GSA Connects 2021 in Portland, Oregon

Paper No. 6-8
Presentation Time: 10:20 AM


HERMAN, Matthew, Department of Geological Sciences, California State University, Bakersfield, Bakersfield, CA 93311, FURLONG, Kevin P., Department of Geosciences, Pennsylvania State University, University Park, PA 16802 and GOVERS, Rob, Department of Earth Sciences, Utrecht University, Utrecht, 3508 TC, NETHERLANDS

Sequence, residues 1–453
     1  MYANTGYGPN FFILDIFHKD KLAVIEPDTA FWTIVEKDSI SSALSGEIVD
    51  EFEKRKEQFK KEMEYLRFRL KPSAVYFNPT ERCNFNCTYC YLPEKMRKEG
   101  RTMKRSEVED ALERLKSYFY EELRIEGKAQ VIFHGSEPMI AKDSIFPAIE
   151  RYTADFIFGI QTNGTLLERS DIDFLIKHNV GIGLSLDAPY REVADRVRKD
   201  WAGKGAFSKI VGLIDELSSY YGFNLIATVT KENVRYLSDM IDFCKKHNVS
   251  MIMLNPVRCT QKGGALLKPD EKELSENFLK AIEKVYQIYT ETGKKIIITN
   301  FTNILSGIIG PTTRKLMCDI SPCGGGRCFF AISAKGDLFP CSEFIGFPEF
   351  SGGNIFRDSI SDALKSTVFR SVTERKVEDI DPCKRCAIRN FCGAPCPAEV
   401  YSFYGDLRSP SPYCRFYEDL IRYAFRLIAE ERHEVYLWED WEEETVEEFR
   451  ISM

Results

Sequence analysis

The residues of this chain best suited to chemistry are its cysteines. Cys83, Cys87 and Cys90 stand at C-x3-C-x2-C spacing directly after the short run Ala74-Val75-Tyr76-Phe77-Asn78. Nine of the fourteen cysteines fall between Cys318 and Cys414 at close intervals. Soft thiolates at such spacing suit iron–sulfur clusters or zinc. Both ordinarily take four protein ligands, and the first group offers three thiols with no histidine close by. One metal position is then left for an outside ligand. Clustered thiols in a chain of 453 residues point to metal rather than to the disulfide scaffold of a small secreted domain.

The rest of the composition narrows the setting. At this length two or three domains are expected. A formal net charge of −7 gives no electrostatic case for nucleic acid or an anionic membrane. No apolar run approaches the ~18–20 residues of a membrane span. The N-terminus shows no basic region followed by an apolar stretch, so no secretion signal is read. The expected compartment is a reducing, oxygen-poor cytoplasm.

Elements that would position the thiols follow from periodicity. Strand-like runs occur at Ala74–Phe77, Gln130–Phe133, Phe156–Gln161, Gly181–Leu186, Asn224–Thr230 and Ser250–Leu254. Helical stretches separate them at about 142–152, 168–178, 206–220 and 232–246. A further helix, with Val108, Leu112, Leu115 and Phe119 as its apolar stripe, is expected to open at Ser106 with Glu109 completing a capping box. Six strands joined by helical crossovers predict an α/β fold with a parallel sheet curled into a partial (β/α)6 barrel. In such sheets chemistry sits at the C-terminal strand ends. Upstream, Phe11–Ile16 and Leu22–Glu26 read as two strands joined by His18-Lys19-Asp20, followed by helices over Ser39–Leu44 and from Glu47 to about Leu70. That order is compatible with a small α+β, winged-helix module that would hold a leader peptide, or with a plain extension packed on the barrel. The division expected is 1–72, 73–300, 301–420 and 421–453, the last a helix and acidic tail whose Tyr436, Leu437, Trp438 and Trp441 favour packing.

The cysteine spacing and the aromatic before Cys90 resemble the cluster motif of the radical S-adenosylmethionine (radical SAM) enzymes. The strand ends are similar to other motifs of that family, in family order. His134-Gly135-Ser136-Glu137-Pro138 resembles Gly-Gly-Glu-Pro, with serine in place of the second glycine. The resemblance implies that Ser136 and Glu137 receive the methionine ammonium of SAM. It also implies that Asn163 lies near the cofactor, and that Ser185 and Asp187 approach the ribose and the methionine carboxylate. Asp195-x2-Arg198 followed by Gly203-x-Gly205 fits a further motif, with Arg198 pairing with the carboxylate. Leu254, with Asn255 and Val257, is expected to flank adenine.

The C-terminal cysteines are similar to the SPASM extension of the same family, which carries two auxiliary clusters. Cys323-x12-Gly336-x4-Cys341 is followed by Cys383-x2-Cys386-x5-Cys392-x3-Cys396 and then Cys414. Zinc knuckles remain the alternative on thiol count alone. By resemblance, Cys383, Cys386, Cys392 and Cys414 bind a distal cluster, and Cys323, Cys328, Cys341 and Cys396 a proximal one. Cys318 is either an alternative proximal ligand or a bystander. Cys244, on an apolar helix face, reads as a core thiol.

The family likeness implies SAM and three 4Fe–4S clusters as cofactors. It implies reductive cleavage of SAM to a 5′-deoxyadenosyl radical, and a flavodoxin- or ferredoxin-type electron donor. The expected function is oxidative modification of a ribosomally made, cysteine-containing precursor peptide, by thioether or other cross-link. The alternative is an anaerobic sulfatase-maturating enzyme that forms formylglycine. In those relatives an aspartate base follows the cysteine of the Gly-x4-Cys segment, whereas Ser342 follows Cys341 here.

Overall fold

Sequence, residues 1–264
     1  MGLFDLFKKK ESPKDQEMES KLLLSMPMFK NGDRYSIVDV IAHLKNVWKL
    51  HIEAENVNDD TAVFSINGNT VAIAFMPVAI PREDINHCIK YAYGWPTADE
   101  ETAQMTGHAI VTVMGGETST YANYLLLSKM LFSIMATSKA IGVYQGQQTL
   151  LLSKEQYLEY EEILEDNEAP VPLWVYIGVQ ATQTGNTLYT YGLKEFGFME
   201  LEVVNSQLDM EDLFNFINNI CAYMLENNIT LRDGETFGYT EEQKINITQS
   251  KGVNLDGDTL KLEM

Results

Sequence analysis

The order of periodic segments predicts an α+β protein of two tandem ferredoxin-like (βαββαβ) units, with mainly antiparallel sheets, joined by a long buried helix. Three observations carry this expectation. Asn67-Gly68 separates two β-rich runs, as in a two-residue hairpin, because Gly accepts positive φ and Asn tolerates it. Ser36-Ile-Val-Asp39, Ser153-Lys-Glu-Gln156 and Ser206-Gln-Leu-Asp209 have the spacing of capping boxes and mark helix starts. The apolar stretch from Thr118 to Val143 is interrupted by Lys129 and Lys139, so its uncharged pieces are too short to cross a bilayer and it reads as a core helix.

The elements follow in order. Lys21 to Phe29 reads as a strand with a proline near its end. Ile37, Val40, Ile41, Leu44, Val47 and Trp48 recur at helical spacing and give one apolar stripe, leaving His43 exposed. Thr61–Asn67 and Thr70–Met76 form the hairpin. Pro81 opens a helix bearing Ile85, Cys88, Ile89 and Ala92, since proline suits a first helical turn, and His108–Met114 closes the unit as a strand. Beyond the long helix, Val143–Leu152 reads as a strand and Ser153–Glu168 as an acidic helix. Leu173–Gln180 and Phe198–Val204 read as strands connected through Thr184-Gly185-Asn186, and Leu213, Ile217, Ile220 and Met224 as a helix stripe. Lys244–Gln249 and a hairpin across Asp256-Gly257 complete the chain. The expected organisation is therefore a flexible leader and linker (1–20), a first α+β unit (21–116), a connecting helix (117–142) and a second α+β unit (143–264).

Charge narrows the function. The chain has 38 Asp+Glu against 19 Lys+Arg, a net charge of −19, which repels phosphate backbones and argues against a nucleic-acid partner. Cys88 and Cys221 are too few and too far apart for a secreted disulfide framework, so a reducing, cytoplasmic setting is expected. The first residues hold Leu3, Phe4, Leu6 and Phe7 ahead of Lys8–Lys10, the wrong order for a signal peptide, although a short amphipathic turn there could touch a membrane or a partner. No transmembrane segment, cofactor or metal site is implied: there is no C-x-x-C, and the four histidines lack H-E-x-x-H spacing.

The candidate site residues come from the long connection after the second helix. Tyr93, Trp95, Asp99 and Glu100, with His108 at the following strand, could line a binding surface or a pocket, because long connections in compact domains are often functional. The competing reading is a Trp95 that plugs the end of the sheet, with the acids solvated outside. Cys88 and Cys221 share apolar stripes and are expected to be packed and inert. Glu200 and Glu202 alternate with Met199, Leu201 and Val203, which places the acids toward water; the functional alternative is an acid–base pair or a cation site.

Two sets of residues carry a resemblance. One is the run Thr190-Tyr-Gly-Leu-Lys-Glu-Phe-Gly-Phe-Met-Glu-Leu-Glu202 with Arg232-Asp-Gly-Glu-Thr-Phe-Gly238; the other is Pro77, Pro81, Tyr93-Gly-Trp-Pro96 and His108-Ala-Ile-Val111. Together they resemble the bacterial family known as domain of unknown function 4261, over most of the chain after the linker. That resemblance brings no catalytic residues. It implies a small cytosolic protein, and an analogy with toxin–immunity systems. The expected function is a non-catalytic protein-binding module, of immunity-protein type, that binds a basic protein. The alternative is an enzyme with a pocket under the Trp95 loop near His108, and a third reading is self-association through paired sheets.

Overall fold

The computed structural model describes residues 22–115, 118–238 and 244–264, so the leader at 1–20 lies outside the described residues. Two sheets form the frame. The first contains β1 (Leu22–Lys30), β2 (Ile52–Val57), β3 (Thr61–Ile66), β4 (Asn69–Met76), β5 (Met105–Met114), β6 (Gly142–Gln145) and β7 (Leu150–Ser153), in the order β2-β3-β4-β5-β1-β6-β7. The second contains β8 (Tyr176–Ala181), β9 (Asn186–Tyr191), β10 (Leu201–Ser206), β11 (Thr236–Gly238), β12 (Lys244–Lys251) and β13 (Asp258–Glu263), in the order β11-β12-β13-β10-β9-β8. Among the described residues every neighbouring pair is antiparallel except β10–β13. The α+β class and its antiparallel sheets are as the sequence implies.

Recent analyses of global subduction zones indicate that many of these plate boundaries have spatially varying inter-seismic coupling, with areas of high coupling (“asperities”) separated by regions of low coupling. This coupling variability has been interpreted to affect the locations and geometries of seismically active faults within both the upper and lower plates in the Japan, Chile, and the Aleutian subduction zones. To better understand how plate boundary coupling affects upper plate deformation, we use a generalized 3D subduction zone model incorporating plausible asperity distributions, with plate motions, megathrust slip, and intraplate stresses in balance. The stress field in the upper plate associated with locked asperities on the plate interface is broadly compressive. However, the transition from an asperity edge to a zone of lower coupling produces a significant shear stress parallel to the plate motion. This shear stress is the dominant local contributor to the stress field, with an associated substantial rotation of the principal stress axes favoring slip on strike-slip faults oriented parallel to the plate motion. An example of slip on such a fault was the October 2020 Shumagin Islands intraslab earthquake, which occurred at a coupling transition in the Aleutian subduction zone. As the along-trench length of the uncoupled area increases, the footprint of shearing extends farther into the upper plate. We apply these lessons in the Cascadia subduction zone, using a newly developed inter-seismic inversion approach that allows us to locate locked asperities. The input data are GPS velocities with the effects of plate interface coupling isolated from other tectonic processes. Although GPS observations in Cascadia have been interpreted to indicate a high degree of plate coupling along most of the megathrust, our inversion indicates that less than 50% of the areal extent of the plate interface needs to be locked to explain the observations. Resolution of the exact locations of these asperities is limited; nevertheless, the low coupling area suggests that there should be numerous coupled-uncoupled transitions at the edges of asperities. The associated perturbations to the subduction zone stress field may favor the development of upper plate faults oriented at a high angle to the trench.